Hey big spender, have a few rewards with me…

An aeroplane, yesterday
How far will credit rewards take YOU?
"It’s important to assess your spending habits and choose a card that gives you maximum return," Matt Sanders, Gocompare.com
  • | by Kristian Dando

There’s no such thing as a free lunch, right? Well, cashback credit cards might just be the next best thing. They’re potentially one of the best ways to get your hands on money – or a few other things – for very little, providing you use them properly.

With a cashback credit card you can earn freebies like Avios points (formerly known as Airmiles), supermarket vouchers or even cash from your daily spending. All it takes is a bit of discipline and understanding.

Bivin Matthew, a 30-year-old accountant from Cardiff, has a Tesco credit card which he uses to get Clubcard points. These can be traded in for Avios points, which in turn can be used for flights, hotels and more.

“Last November, I went to Brussels on the Eurostar using the points I got throughout the year,” said Bivin. “Now, I’m looking to fly to Amsterdam in September with them.”

The key to getting maximum value from a credit card is to use it as much as you can, then pay off the balance in full at the end of every month. Rewards cards can have relatively high interest rates, so for your freebies to be worth it you’ll need to pay off your entire balance every month. You also need to make sure that you’re not spending more on your card than you have coming in on pay day.

Rewards and cashback cards sometimes also have an annual fee to pay, so make sure that this doesn’t outweigh the benefits.

To get the most out of his card, Bivin does the majority of his spending with the Tesco credit card and has a direct debit set up to pay off its balance in full at the end of the month. “I only really go to my current account when I need to withdraw money,” he said.

Gocompare.com’s resident credit card expert, Matt Sanders, said: “Credit cards that offer rewards can be handy as long as they’re used properly and managed well. However, compare the different cards available carefully so you get the type of rewards you want, and look out for things like annual fees as these can eat into your cashback and rewards if you’re not a big spender on credit cards.

“Also, bear in mind that there’s usually a cap on the amount of cashback you earn, so it’s important to assess your spending habits and choose a card that gives you maximum return. Some rewards are also limited to certain transactions or outlets, so it’s important to read the card’s terms and conditions to check the stores you frequent most often are included in the scheme. As with any credit card, it’s important to find out the interest-free grace period and any interest rates that may be applicable to your spend as these can rapidly outweigh any rewards you’ve gained.”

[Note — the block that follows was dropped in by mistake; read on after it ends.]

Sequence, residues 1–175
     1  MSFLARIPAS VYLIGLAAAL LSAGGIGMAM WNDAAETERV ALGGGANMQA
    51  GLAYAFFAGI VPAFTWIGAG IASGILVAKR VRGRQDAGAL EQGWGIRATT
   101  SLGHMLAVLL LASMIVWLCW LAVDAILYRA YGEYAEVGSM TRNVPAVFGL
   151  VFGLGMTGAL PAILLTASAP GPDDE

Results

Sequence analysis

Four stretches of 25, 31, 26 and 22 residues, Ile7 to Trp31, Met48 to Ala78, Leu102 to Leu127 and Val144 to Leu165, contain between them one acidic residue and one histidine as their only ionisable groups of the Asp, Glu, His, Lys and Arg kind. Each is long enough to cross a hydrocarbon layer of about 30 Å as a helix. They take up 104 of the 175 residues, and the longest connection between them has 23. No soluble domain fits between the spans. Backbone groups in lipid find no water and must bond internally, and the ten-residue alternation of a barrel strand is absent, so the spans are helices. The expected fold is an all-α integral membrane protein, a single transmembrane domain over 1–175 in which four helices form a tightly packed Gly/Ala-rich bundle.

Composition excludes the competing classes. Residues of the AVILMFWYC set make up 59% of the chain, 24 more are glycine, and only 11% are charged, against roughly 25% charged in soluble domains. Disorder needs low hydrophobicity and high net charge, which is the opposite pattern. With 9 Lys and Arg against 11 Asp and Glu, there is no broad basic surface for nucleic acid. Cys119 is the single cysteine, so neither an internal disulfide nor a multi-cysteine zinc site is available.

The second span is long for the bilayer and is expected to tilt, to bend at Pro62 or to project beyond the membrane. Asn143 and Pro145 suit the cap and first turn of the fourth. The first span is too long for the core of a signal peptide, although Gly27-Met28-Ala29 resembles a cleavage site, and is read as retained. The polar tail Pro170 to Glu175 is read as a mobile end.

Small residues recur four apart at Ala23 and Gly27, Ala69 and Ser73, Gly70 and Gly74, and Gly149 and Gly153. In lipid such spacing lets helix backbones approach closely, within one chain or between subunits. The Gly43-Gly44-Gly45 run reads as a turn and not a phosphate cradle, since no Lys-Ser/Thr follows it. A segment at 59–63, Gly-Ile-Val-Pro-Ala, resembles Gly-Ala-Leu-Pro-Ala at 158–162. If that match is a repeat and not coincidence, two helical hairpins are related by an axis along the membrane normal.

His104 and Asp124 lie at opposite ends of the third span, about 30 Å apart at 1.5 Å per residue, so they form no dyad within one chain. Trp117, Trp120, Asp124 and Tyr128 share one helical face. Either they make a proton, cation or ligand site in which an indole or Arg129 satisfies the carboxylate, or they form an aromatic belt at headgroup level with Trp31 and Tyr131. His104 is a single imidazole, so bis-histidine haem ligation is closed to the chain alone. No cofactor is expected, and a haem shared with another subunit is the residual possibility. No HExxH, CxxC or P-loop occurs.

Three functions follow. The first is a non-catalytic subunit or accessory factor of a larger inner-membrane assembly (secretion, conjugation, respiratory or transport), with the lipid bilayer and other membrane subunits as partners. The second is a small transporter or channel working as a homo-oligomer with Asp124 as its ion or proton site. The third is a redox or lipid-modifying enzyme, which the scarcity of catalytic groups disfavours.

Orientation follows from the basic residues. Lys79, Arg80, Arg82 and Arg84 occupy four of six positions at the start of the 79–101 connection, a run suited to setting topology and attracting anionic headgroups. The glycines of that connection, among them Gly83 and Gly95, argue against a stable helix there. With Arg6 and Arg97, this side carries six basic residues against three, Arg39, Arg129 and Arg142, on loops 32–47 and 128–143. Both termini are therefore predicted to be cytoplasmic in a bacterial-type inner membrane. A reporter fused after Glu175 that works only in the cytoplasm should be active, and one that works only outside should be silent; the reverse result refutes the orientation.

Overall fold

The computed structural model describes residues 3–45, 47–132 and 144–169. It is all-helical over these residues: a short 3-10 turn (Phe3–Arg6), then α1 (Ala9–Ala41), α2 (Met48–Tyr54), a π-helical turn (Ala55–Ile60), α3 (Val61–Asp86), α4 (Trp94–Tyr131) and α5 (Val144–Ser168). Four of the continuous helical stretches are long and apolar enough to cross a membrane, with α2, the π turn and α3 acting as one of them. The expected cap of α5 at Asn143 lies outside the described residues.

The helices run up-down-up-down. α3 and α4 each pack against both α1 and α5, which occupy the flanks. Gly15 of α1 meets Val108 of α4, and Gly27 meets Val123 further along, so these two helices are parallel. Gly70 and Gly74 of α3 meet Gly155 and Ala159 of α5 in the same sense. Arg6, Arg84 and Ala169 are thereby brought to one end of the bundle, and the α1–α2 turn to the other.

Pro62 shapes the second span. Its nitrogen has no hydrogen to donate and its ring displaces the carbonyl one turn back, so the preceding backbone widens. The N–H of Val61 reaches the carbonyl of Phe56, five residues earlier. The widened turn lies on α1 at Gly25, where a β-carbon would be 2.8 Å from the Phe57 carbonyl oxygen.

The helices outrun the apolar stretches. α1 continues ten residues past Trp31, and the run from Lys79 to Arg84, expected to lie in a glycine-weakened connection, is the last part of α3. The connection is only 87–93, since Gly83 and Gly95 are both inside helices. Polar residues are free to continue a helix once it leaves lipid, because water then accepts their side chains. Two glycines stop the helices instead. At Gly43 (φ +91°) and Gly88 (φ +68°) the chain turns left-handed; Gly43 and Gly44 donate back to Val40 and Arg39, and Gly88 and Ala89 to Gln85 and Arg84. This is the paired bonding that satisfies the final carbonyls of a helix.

Compare cashback credit cards with Gocompare.com.

Four everyday spends which could maximise your credit card rewards

1. Groceries

According to the Office of National Statistics (ONS), we spent an average of nearly £60 a week on food in 2013, so what better way to bolster your rewards than using your weekly shop to rack up the points?

2. Getting around

Transport – be it buying train tickets, topping up your Oyster card in London or keeping your car fuelled and on the road – accounted for just over £64.10 of our weekly spends last year, reckons the ONS. So, if you’re looking at racking up Avios points, your daily commute could end up taking you further than you ever thought possible.

3. Bills

Energy, council tax, car insurance – all easy ways you can rack up rewards or cashback. Just make sure there aren’t any extra costs incurred from paying with a credit card and, if there are, that they are cancelled out by what you stand to gain.

4. Holidays and leisure

To maximise your spend, make sure you’re using your card to pay for everything from going to the cinema and eating out, to your holidays. If you book your holiday with a credit card, you’ll also be afforded extra protection under the Consumer Credit Act.